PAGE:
Much has been made already about Google's book digitization project, which aims to scan and digitize almost all books published worldwide, making them searchable online. But as this ambitious yet equally controversial project prepares for a crucial hearing in a United States court on February 18, the global crusade against Google Books is intensifying.
Following stiff opposition from publishers and authors from primarily the Western world, India, too, threw down the gauntlet this month when 15 Indian authors and publishers filed objections with a New York District Court. With this, India became the second - after China - country in Asia to red-pencil the Google Book plan.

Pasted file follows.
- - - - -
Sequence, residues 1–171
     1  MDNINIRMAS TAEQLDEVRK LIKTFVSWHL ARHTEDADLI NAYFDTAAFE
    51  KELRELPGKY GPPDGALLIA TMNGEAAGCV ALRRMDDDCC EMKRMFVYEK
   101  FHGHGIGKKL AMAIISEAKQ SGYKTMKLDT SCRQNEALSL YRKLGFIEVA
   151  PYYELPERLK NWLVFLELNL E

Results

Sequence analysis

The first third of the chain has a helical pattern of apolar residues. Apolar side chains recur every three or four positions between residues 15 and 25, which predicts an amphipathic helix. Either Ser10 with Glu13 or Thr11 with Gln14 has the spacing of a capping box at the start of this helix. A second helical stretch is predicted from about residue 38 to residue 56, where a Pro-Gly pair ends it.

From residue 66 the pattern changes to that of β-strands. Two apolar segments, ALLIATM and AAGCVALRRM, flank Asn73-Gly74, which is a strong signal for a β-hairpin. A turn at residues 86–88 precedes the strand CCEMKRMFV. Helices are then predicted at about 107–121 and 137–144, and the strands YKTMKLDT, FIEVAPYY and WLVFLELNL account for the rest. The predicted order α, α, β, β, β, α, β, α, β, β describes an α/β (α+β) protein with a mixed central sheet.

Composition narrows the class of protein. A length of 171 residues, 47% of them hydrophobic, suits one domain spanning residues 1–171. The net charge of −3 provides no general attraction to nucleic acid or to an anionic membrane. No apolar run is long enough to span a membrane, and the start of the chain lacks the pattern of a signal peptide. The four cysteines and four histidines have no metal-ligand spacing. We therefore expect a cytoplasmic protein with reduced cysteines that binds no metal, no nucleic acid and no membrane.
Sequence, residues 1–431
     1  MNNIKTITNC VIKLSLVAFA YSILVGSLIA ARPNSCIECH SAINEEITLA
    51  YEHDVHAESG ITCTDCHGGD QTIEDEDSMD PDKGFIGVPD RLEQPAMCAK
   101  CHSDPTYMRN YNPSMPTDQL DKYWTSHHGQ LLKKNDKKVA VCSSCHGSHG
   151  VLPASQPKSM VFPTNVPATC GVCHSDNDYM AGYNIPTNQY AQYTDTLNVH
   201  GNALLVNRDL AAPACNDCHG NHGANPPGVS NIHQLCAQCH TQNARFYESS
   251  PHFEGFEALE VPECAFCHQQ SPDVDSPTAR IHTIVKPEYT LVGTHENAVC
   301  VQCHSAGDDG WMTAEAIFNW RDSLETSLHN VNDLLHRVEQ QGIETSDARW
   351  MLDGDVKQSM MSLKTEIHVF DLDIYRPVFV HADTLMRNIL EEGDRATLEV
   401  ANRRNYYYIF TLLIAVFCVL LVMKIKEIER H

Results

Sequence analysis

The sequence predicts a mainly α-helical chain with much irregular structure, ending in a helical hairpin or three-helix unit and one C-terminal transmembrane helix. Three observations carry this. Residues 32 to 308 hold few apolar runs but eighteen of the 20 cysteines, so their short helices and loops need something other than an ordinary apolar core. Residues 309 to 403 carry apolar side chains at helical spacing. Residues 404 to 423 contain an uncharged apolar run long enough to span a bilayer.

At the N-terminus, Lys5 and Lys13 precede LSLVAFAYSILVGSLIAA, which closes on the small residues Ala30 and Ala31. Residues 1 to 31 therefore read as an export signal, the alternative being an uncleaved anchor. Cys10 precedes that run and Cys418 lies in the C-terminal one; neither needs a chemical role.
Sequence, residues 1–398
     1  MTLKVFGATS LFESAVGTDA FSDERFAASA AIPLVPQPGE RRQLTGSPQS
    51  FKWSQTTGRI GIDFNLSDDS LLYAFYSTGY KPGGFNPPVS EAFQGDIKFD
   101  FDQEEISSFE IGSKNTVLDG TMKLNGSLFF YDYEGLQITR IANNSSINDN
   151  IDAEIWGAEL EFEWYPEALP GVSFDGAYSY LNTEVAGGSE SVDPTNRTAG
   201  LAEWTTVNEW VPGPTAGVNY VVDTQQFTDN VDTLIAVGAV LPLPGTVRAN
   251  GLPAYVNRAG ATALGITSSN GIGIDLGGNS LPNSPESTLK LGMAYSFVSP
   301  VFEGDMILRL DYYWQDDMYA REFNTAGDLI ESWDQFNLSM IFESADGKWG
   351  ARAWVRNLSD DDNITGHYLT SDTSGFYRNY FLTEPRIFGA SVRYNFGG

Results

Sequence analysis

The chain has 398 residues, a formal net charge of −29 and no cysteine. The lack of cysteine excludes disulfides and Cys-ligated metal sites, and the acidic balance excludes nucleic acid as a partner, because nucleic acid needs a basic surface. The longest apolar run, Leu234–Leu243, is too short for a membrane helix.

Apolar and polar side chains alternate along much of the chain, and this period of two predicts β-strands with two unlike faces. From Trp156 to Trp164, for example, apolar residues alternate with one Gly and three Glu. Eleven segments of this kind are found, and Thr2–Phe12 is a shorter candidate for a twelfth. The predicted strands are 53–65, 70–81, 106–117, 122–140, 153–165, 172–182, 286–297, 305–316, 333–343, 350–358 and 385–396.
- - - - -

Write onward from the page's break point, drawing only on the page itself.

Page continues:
However, libraries, copyright holders and countries like the US, France, Britain, Germany, Canada and Australia and even consumers are analyzing the ramifications of this audacious venture. Many are unsure whether Google's promise of a global digital library will really change the face of information access in the world. Or will it be the end of the 150 year-old concept of copyright and intellectual property rights? In 2004, Google began scanning millions of books under copyright protection by reaching an agreement with several universities in the US. Under the initiative, known as the Google Library Project, Google digitized snippets from these books and put them online.
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